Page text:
This adaptation of Mary Shelley's classic novel from the now legendary Hammer films starts off in a squalid prison cell, where Baron Victor Frankenstein (Peter Cushing) is awaiting execution for a crime he says he did not commit. Recounting his tale to the local priest, the film then goes into a series of flashbacks, as we see how the young Baron Frankenstein (played by a very young Melvyn Hayes) developed his interest in biology from his science tutor Paul Krempe (Robert Urquhart).
As Victor gets older, the two become friends and through their experiments, discover a means of bringing dead animals back to life. Victor becomes convinced that they could actually create new life from dead body parts, so they take the body of an executed criminal and get additional parts by bribing the local morticians. But the more they go on, the less Paul becomes convinced they are doing the right thing. But Victor just seems to be more and more determined to finish the experiment.
With Victor clearly showing signs of megalomania and psychopathic tendencies, particularly when a distinguished professor has an unfortunate "accident" in Victors house, and Paul finds him plundering the tomb afterwards, so he can get his hands on the brain, Paul decides he's had enough and tries to convince Victor's new love interest Elizabeth (Hazel Court) to leave with him.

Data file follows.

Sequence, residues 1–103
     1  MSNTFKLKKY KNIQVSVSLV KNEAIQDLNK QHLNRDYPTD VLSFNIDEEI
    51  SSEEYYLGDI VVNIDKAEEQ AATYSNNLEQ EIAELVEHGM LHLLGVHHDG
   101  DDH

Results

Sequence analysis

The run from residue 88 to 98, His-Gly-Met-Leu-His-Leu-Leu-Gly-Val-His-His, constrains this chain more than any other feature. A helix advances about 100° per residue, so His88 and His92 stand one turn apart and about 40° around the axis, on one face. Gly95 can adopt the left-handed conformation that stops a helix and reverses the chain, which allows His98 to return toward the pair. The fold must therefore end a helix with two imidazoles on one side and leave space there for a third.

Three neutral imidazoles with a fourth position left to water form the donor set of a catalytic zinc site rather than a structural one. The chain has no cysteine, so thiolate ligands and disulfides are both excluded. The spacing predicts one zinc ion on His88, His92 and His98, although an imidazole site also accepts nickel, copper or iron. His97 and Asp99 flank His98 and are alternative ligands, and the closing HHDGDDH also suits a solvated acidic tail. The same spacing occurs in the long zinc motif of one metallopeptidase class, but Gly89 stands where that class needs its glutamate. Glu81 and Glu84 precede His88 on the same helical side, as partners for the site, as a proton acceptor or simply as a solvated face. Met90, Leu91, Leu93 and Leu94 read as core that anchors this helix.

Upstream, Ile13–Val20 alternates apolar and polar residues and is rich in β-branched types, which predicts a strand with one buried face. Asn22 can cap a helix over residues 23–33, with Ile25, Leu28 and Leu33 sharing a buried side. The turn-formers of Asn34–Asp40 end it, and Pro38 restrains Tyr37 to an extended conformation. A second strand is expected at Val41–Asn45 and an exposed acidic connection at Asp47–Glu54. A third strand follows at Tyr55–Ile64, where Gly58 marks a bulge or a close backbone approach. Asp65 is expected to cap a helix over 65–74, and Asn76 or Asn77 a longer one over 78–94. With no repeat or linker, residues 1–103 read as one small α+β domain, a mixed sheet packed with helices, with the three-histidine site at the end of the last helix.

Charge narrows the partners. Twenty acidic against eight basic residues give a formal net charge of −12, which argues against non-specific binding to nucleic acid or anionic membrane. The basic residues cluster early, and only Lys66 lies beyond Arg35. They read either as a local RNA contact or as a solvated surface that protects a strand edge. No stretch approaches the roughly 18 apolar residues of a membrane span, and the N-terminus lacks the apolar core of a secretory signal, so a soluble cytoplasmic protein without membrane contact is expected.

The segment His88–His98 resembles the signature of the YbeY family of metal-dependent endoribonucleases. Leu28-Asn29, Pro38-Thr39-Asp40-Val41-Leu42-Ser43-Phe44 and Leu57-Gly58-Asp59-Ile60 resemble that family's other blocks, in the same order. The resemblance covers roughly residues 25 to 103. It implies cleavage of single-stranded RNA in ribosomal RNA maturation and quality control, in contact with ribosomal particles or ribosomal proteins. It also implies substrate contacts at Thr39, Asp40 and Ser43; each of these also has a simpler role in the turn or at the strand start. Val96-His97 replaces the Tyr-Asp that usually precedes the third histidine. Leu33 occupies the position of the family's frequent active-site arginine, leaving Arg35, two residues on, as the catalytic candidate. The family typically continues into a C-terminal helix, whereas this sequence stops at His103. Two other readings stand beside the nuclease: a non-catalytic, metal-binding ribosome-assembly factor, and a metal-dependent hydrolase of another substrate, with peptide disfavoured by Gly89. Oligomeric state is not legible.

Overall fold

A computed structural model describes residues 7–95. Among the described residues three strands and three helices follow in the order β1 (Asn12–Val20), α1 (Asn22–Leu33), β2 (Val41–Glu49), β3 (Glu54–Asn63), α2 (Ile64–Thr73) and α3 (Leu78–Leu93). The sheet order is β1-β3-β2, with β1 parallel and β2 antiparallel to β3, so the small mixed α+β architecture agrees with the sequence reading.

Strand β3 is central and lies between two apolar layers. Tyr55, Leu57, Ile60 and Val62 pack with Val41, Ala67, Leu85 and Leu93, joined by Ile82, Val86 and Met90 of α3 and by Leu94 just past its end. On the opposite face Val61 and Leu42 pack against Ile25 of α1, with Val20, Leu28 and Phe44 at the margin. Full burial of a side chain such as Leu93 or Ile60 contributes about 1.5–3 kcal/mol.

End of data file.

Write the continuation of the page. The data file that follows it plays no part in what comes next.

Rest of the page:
But when Victor's new creation (played by Christopher Lee) turns out to be a bit of a monster, which subsequently escapes the castle and goes on the rampage. Paul finds himself having to help Victor try to recapture it, as its goes around murdering the villagers and we see the events that lead up to Victors current predicament that sees him facing execution for a murder that he says he did not do.
Directed by Terence Fisher, who went on to have a very long and distinguished career with Hammer Studios, this version is notably different to other adaptations (presumably to try and distance itself from the Universal pictures version), but still contains most of the core elements of the original tale and is essential viewing for all fans of classic horror. Which not only launched Peter Cushing and Christopher Lee's film careers, but established Hammer films as an international production company.
This was actually one of the films, along with their adaptation of "Dracula", that got me into horror films in the first place when I was a kid, so holds a very dear place in my heart. So if you haven't seen this yet, then you should definitely add this to your collection.